GARDEN GROWING: In N.Y., Frank Isola wrote under the header, “David Stern’s Visit To Madison Square Garden Is A Sign Of Knicks’ Progress.” Stern for Friday’s game against the Celtics “was seated not far from” MSG Chair James Dolan. Last week during the Knicks’ three home games against the Lakers, Cavaliers and Celtics “electricity and competitive basketball were back” at MSG, despite the home team losing all three games. Stern: “Three great teams, the best in the NBA, come all in the same week, and the Knicks -- the scrappy Knicks -- have done very well against them. I could have imagined this a year ago but I would have imagined it a little differently.” Meanwhile, Dolan has allowed Knicks President of Basketball Operations Donnie Walsh to “restructure the club’s infamous media policy.” Walsh “has made himself and D’Antoni more accessible to the media, but some aspects of the policy appear to be out of Walsh’s control.” A team source said that N.Y. Daily News reporters are “barred from being interviewed at halftime on Knicks radio broadcasts, the only local paper so treated.” It is “not known if that order came directly from Dolan” (N.Y. DAILY NEWS, 2/8).

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  • MLB Franchise Notes: Phillies Sign 1B Ryan Howard To $54M Deal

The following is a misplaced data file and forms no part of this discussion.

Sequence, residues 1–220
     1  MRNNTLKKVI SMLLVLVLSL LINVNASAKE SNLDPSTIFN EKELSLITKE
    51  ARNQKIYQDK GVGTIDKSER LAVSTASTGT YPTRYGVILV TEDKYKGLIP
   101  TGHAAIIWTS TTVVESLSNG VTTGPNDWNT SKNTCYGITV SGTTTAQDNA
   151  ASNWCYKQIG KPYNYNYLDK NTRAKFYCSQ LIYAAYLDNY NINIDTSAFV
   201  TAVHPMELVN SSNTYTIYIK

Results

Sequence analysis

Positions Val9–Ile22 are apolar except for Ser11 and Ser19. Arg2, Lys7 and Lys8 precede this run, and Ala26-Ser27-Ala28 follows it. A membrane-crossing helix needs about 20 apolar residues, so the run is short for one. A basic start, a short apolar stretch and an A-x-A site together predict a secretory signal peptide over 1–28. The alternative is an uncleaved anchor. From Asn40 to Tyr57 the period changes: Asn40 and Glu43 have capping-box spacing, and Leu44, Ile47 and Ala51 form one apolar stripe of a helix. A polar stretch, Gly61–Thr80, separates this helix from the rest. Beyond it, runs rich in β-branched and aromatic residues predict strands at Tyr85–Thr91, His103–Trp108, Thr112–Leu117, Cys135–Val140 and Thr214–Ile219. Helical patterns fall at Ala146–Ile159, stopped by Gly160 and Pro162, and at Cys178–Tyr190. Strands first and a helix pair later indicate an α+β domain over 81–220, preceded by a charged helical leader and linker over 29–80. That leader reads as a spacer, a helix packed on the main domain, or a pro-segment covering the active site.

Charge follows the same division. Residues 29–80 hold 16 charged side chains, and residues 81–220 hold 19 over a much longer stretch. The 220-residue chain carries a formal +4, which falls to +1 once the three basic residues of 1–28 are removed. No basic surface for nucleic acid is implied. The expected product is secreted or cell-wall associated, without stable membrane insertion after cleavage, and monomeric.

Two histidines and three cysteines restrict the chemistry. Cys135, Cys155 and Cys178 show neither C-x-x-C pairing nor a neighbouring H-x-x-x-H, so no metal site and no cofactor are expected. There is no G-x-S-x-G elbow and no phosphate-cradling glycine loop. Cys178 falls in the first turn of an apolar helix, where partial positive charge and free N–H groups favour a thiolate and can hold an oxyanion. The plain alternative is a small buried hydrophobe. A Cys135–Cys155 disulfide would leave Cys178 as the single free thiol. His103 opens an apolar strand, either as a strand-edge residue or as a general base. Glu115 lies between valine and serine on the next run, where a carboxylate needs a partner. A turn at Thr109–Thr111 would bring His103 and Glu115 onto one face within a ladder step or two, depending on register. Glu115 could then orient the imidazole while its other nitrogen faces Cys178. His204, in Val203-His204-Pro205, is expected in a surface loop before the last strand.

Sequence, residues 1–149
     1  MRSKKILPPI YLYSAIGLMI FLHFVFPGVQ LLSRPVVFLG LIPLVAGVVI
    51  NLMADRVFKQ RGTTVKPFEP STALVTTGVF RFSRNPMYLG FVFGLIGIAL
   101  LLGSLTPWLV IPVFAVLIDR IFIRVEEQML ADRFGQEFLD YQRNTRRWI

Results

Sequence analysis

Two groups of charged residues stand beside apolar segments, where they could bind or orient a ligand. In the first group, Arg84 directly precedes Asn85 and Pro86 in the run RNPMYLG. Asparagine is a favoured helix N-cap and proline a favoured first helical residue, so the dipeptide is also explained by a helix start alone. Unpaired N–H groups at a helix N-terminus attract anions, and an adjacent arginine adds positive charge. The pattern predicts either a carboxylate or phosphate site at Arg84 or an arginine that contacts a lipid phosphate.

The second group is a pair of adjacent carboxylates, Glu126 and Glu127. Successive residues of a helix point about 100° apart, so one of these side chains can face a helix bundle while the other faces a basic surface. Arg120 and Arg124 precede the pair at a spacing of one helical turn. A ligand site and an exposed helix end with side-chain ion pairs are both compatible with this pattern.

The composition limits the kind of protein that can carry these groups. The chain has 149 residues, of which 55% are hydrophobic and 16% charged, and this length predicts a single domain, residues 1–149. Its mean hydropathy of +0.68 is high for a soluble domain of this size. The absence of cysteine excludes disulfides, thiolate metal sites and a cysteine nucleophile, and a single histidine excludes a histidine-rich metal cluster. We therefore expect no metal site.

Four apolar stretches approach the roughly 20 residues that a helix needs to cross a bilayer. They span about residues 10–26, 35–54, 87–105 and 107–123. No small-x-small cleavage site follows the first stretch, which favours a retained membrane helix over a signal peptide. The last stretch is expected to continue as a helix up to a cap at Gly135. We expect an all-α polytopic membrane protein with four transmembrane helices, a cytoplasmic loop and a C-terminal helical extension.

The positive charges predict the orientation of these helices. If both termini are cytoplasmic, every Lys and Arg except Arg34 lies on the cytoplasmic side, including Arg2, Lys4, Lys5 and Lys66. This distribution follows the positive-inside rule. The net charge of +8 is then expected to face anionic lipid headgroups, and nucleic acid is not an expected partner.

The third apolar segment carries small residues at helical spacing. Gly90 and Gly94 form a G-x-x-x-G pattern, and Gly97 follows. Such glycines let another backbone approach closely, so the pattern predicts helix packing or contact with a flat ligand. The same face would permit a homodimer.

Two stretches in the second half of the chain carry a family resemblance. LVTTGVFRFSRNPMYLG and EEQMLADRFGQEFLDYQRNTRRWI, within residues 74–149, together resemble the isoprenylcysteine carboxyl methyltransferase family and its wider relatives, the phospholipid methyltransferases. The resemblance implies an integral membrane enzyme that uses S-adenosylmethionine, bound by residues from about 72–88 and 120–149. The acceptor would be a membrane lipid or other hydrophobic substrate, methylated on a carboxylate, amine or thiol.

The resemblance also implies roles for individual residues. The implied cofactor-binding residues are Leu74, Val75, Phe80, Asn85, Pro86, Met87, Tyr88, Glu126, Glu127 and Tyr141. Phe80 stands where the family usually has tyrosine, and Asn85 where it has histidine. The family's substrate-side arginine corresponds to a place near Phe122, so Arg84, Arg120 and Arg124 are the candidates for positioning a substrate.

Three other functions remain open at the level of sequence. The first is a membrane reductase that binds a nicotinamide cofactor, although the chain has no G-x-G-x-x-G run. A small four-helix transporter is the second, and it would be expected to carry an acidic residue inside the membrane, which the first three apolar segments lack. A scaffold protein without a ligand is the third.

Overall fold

Ryan Howard's New Three-Year, $54M Deal 
    Increases Phillies' '09 Payroll To Over $130M
    In Philadelphia, Kevin Roberts writes, "In an uncertain economy, the Phillies are spending with a lot of confidence." 1B Ryan Howard's new three-year, $54M deal yesterday "pushed the Phillies' 2009 payroll over" $130M, up "$30[M] from where it began last season." That is the "biggest off-season increase" in MLB in a year where "more than half of the teams in the majors are projected to cut payroll or hold expenditures steady." Phillies GM Ruben Amaro: "We're fortunate to be in this position. ... We're taking on a risk, here. But they are calculated risks." Amaro said that "everyone in sports is worried about the economy." Amaro: "Hopefully, the economy straightens out for people so there's a little less risk" (PHILADELPHIA INQUIRER, 2/9).